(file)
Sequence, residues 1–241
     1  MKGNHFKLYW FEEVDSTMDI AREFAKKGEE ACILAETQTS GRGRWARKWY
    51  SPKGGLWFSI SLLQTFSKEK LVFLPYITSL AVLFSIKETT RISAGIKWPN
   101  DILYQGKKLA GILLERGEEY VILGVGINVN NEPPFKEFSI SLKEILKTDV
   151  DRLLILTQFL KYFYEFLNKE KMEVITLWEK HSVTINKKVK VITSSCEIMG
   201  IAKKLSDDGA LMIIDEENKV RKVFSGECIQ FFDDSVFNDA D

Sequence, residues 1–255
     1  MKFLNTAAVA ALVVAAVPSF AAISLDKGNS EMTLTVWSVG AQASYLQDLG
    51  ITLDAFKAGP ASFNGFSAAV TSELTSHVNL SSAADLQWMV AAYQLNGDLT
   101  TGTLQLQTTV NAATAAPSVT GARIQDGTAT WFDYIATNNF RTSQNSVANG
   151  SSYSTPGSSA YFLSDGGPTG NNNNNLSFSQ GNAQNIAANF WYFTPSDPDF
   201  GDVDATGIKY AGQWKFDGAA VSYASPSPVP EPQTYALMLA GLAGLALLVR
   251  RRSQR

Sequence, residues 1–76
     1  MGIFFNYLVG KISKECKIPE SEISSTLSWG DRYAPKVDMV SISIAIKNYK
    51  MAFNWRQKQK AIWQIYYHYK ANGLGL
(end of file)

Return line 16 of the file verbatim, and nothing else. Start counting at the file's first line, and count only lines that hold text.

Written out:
    51  MAFNWRQKQK AIWQIYYHYK ANGLGL